What may be the function of CRMP-2 at the primary cilium?
In mammals, overexpression of CRMP-2 in primary hippocampal neurons or SH-SY5Y neuroblastoma cells promotes axon elongation, axon induction, and the establishment and maintenance of neuronal polarity , although one study in rat PC-12 cells did not support this observation . We did not observe primary cilium elongation after overexpression of CRMP-2-GFP in human foreskin fibroblasts. Instead, knock down of endogenous CRMP-2 protein levels inhibited primary cilium formation. This result appears similar to one made in C. elegans: the C. elegans orthologue of human CRMP-2 is unc-33. Mutations in unc-33 result in abnormal axon termination in many neurons . A hypothetical model for CRMP-2 function could propose that it functions as a bridging protein linking the primary cilium axoneme with membrane components in an intraflagellar transport system. In support of this we observed concentrations or particles along the cilium axoneme in cells expressing wild type CRMP-2-GFP, but not in cells only expressing the 51 amino acid C-terminal CRMP-2 domain (mut7-GFP) and we show that there may be a “reservoir” of CRMP-2 at the basal body ready for transport into the primary cilium after dephosphorylation of its GSK-3β sites. This predicts that the CRMP-2 region upstream of the 51 amino acid domain associates with proteins or complexes required at the primary cilia.
In conclusion, we demonstrate that an essential neuronal protein CRMP-2, which guides neurite growth, is a critical primary cilia protein. We identified a novel regulatory mechanism for primary cilium targeting of CRMP-2 based on modulation of its phosphorylation status by GSK-3β. The identification of its GSK-3β phosphorylation sites as the cilia targeting motif informs and expands the search for ciliary proteins beyond those that have putative VxPx and other ciliary targeting motifs. Furthermore, our discovery of GSK-3β-regulated ciliary targeting together with the importance of cilia during development may open up lines of research hitherto not considered.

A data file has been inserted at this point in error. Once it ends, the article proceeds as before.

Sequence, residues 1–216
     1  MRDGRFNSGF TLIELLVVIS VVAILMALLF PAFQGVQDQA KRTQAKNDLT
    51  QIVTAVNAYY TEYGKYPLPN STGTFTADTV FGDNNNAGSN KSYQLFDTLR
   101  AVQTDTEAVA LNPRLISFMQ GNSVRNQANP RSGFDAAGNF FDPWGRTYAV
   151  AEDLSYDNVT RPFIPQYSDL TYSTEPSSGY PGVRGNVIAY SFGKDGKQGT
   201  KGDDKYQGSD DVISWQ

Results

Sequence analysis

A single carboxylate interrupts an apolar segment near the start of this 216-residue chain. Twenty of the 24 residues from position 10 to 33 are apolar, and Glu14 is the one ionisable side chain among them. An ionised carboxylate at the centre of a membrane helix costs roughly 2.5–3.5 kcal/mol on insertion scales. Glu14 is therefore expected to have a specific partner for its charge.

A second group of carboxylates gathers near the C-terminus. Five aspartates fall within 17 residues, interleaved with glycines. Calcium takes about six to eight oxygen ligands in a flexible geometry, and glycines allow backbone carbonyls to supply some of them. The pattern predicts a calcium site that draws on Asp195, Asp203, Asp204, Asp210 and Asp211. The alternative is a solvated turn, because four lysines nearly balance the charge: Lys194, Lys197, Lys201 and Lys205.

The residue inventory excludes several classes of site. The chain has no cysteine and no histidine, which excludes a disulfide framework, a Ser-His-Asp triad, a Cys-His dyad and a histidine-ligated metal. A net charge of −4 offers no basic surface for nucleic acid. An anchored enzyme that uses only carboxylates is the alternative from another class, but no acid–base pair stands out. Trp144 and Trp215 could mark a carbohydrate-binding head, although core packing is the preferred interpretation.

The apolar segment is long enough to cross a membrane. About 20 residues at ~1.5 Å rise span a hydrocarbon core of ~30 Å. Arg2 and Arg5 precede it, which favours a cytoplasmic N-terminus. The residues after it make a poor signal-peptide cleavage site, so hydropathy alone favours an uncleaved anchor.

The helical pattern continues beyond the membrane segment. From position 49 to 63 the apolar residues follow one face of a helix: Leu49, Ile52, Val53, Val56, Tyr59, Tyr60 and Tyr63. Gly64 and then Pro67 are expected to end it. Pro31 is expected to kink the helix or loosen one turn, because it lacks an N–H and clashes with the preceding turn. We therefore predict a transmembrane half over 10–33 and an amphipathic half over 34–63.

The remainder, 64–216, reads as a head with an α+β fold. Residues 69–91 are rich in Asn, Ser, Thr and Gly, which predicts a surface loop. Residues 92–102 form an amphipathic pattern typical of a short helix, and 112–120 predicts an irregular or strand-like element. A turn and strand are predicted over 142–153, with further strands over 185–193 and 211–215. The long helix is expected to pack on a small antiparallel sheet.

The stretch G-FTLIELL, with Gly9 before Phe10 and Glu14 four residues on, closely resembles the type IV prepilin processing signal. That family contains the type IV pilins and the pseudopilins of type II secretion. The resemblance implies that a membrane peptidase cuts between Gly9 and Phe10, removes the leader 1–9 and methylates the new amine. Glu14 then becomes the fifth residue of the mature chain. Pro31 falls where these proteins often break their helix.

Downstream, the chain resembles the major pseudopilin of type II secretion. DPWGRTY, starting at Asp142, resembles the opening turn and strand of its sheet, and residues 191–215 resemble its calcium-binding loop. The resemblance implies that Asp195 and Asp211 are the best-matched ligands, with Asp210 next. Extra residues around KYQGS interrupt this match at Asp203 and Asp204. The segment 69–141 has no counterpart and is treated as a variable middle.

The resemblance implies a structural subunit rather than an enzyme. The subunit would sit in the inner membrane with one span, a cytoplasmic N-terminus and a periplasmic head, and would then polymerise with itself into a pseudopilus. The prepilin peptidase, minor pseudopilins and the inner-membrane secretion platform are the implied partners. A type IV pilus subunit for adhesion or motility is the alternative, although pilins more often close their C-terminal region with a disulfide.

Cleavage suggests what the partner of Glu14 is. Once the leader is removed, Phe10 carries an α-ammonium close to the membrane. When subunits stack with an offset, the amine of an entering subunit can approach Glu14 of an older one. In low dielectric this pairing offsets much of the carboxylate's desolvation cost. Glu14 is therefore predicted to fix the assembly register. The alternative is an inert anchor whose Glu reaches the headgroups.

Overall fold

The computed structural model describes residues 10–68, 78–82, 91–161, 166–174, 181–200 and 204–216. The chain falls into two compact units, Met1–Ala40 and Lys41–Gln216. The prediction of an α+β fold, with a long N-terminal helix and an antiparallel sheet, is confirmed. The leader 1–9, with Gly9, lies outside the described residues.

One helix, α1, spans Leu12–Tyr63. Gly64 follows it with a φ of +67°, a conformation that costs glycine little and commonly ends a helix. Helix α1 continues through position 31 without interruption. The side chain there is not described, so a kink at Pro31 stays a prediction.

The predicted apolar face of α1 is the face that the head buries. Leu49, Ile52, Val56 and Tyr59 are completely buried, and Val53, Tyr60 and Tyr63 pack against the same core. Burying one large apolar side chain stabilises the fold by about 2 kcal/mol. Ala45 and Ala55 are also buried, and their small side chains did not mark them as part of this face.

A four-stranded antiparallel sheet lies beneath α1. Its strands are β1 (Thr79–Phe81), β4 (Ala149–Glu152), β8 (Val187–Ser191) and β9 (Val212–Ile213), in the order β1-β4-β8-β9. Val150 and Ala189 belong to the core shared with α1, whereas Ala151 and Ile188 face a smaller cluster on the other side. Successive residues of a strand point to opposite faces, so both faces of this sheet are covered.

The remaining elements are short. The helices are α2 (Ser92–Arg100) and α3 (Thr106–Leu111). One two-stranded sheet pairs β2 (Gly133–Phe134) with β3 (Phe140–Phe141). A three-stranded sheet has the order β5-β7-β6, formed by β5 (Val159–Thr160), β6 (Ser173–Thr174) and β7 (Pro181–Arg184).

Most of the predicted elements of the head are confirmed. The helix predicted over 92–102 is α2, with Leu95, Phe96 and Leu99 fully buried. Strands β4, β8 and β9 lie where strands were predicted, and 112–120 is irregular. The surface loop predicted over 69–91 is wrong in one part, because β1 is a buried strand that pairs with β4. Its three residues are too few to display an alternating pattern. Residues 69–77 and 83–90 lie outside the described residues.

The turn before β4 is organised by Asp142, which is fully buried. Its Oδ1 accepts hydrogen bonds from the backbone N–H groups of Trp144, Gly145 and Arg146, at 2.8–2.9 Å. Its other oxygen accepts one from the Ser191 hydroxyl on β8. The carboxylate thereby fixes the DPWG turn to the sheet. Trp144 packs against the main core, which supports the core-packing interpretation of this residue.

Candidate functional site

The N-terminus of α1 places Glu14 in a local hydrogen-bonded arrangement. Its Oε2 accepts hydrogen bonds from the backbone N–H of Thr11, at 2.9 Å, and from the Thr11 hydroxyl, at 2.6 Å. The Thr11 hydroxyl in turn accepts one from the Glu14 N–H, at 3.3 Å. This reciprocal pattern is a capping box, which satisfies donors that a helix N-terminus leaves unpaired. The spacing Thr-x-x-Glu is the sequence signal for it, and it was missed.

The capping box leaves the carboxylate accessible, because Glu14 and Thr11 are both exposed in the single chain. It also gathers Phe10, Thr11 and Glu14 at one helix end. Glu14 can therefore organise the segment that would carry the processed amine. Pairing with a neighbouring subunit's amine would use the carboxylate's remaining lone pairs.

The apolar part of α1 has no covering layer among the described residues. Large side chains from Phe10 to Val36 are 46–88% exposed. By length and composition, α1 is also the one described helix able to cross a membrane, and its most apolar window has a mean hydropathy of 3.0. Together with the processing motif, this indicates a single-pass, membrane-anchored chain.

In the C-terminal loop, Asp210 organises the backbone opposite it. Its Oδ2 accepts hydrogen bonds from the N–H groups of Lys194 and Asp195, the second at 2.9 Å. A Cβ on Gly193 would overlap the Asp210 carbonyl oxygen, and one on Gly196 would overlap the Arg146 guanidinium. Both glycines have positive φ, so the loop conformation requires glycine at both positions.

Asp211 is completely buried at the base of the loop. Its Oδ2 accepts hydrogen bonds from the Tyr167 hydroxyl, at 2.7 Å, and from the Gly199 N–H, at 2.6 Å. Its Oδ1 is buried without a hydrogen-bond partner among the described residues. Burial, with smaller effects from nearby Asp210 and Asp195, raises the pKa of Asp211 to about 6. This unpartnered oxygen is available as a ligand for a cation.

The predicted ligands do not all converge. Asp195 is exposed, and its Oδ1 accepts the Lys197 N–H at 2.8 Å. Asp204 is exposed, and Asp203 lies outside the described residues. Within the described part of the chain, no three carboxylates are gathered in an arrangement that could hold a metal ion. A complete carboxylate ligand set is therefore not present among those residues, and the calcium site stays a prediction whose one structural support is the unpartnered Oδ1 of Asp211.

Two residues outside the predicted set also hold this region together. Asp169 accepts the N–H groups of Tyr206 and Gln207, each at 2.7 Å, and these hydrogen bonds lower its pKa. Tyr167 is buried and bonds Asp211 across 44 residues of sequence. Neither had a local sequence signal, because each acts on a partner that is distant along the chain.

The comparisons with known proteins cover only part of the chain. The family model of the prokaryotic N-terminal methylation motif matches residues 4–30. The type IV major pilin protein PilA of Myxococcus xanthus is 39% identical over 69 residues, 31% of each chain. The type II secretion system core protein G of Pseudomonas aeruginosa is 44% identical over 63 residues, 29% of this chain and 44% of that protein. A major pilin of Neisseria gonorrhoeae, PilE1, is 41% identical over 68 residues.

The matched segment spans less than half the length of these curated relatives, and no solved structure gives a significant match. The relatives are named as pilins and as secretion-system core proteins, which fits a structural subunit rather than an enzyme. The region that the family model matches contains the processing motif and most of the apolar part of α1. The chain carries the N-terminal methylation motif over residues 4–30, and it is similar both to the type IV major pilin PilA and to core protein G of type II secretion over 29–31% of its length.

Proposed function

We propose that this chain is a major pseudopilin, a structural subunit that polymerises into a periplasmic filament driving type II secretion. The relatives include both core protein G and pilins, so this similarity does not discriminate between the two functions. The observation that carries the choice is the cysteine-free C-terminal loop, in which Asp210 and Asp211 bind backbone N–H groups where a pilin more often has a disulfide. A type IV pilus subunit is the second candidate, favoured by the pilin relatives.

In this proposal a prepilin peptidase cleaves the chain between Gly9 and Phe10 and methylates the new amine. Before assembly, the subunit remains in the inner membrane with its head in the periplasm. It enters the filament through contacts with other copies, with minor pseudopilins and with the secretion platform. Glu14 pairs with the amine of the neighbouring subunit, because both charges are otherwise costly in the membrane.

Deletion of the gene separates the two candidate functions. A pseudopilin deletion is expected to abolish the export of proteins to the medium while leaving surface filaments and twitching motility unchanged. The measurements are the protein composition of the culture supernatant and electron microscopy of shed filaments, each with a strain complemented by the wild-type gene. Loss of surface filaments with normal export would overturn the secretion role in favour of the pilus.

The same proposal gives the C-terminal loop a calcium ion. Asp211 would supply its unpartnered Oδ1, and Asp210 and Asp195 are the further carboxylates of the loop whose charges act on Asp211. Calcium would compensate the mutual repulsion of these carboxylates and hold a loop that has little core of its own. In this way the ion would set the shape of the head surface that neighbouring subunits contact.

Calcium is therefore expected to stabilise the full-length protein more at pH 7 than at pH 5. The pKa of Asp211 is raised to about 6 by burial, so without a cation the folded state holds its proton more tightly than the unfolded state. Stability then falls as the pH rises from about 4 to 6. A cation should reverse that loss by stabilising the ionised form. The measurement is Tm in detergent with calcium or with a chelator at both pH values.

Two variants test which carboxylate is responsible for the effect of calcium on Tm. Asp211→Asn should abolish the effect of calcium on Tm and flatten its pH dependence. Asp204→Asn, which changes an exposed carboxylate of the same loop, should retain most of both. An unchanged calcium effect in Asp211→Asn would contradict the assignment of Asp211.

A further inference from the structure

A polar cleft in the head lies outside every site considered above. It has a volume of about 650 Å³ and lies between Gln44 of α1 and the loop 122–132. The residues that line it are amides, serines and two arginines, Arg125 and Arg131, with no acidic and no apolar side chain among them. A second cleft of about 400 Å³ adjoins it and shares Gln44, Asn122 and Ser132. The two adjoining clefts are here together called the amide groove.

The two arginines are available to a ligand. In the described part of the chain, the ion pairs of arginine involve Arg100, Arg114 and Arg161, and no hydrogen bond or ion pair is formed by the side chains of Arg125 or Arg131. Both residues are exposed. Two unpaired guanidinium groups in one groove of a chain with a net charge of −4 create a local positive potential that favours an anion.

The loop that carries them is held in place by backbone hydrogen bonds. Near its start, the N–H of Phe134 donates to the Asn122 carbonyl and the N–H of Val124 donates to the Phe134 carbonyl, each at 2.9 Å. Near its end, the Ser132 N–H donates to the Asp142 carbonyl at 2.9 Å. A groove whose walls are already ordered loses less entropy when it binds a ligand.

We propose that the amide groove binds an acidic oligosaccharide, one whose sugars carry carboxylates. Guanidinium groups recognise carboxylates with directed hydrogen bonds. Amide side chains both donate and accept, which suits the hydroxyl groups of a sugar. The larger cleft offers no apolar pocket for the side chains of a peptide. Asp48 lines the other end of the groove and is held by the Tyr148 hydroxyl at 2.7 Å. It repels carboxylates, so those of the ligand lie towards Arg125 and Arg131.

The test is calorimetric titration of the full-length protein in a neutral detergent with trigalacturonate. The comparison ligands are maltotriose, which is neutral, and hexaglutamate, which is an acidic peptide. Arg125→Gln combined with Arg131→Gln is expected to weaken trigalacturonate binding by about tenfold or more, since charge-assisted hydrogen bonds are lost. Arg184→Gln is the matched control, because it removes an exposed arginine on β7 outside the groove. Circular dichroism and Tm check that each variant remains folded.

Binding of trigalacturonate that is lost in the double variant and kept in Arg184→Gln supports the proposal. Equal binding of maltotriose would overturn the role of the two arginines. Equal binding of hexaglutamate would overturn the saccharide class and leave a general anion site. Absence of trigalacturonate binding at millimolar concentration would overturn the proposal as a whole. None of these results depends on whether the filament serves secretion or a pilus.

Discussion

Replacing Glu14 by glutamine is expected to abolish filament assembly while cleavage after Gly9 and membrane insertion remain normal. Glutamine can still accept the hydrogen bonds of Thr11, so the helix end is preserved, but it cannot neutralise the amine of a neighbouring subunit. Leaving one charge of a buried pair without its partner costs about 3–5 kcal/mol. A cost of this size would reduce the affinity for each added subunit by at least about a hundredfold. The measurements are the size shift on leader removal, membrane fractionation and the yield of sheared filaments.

Western blot analysis of human foreskin fibroblasts. Cells were solubilized in SDS-sample buffer, fractionated in 12% SDS-polyacrylamide gel, blotted onto nitrocellulose, and analyzed using anti-CRMP-2 antibody. Blots were reprobed with anti-actin to control for loading and procedure. CRMP-2 is expressed as a doublet in agreement with its expression pattern in neurons. Lanes 1 and 2 represent two different isolates of fibroblast extracts.
A scrambled siRNA does not affect the expression of CRMP-2 in transfected human foreskin fibroblasts. Cells expressing GFP, present on the vector (green), and scrambled siRNA were analyzed by staining with anti-CRMP-2 antibodies (red). Arrows indicate centrosomes.
Western blot analysis of mut7-GFP expressing cells. Human foreskin fibroblasts were transfected with mut7-GFP, serum-starved and analyzed by western blotting using anti-GFP antibody. The expected doublet is seen in transfected cells.
Inhibition of GSK-3β causes dephosphorylation of CRMP-2. RPE cells were analyzed for expression of total CRMP-2 (panel A), phosphorylated pCRMP-2 (panel B) and actin (panel C). RPE cell extracts were analyzed by western blotting using anti-CRMP-2 antibody measuring total CRMP-2 (panel A), anti-pCRMP-2(Thr514) antibody specific for phosphorylated CRMP-2 (panel B) and anti-actin (Panel C), either from untreated (lane 1) or cells treated with lithium (lane 2). Note that phosphorylated pCRMP-2 levels are decreased after lithium treatment (panel B), which has no effect on overall CRMP-2 levels (panel A).
The CRMP-2 primary cilium targeting sequence interacts with kinesin light chain. Cells were co-transfected with HA-tGAP1 and mut7-GFP (lane 1; negative control) or HA-KLC3 and mut7-GFP (lane 2). Extracts were prepared from transfected cells and analyzed directly for protein expression by western blotting using a mix of anti-HA and anti-GFP antibodies (panel A) or analyzed for protein interactions by immunoprecipitation with anti-GFP antibody, followed by western blotting using anti-HA antibodies (panel B). Proteins are indicated. HA-KLC3, but not HA-tGAP1 binds mut7-GFP (panel B).
Conceived and designed the experiments: YO JBR FvdH. Performed the experiments: YO YZ MC. Analyzed the data: YO MC JBR ID FvdH. Contributed reagents/materials/analysis tools: YO YZ JBR ID FvdH. Wrote the paper: YO FvdH.